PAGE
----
European Project “Eat Better, Live Better” in which IDF Europe partners with its member association from Portugal and France, launches a questionnaire on eating habits of adults living with type 2 diabetes
Healthy eating has the power to improve the quality of life for everyone, especially for those with diabetes. To help health professionals and people with diabetes in this safe change in dietary patterns in diabetes, the European project ‘Eat Better, Live Better’ aims to promote a healthy and sustainable diet for people with type 2 diabetes. To achieve this, the first step is to understand the eating habits and attitudes of Portuguese and French citizens who live with this condition.
The initiative, which also aims to contribute to the development of sustainable food systems, is the result of a partnership between the APDP – Diabetes Portugal, the French Diabetes Federation and the International Diabetes Federation – Europe and is sponsored by the international movement ‘Healthy Food Healthy Planet’.
“For those with diabetes, food is crucial for the good management of the disease and should be considered as part of the therapeutic plan. Introducing more products of plant origin in the diet is fundamental, even as a measure that can lead to a lower intake of medication”, explains Rogério Ribeiro, biomedical researcher at APDP and project lead of the initiative ‘Eat Better, Live Better’.
Eating habits have changed over the years and the nutritional options of the population today include concerns about health, but also about the environment. “It has been observed that a diet rich in plant products is associated with better health outcomes. With this initiative, we intend to promote the adoption of more conscious choices and improve the quality of life and well-being of people with diabetes, leading to everyone eating better, and above all, living better.”, explains the researcher, adding that, “our food consumption interferes with the environment and biodiversity and it is in this context that sustainable food emerges, as a solution for a greater balance between food production, health and environmental protection.”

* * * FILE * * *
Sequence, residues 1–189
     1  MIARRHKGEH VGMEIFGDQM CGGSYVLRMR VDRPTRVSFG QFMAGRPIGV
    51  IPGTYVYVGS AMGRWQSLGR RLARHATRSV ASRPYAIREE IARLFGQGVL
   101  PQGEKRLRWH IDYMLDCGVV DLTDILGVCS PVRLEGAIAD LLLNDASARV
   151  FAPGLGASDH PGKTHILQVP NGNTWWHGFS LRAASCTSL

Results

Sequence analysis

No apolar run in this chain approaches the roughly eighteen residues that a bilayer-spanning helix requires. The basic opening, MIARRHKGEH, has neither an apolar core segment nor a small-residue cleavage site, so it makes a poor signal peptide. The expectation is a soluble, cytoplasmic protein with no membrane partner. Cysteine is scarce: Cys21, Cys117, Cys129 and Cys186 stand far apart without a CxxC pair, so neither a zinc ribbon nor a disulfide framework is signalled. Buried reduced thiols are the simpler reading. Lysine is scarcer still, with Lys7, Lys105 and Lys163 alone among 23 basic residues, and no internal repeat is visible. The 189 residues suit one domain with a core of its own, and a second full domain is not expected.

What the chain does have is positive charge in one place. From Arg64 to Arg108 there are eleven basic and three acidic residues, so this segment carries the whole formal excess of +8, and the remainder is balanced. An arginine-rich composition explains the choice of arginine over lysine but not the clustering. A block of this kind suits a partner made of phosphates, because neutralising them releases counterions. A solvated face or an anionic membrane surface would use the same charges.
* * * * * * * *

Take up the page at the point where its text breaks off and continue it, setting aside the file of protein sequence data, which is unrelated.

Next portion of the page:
For Bastien Roux, Director-general of the French Diabetes Federation, “we are starting a movement in diabetes towards a food program with greater inclusion of vegetables. With this sharing of knowledge, we can create something with impact that helps people with diabetes in their daily lives”.
According to Elisabeth Dupont, Regional Manager of the International Diabetes Federation European Region, “In Europe, policymakers and stakeholders are increasingly recognising the vital necessity of integrating One Health concept across all action areas as human health is tightly interlinked with the health of animals and the environment. With our project ‘Eat Better, Live Better’ we are trying to achieve a positive impact on the daily lives and health outcomes of people living with diabetes, while contributing to the transition to sustainable and healthy food environments. In times of permacrisis, this has to become a priority.”
Food education is fundamental in the treatment plan of all people with diabetes, and it does not need to be restrictive and monotonous. Experimenting other ways of preparing and cooking food, using more plant-based foods, with a greater variety of nutrients and less salt, are some of the changes that can be made.
The project has just launched a questionnaire on the eating habits and attitudes of people with type 2 diabetes towards plant-based diets. The questionnaire, aimed at: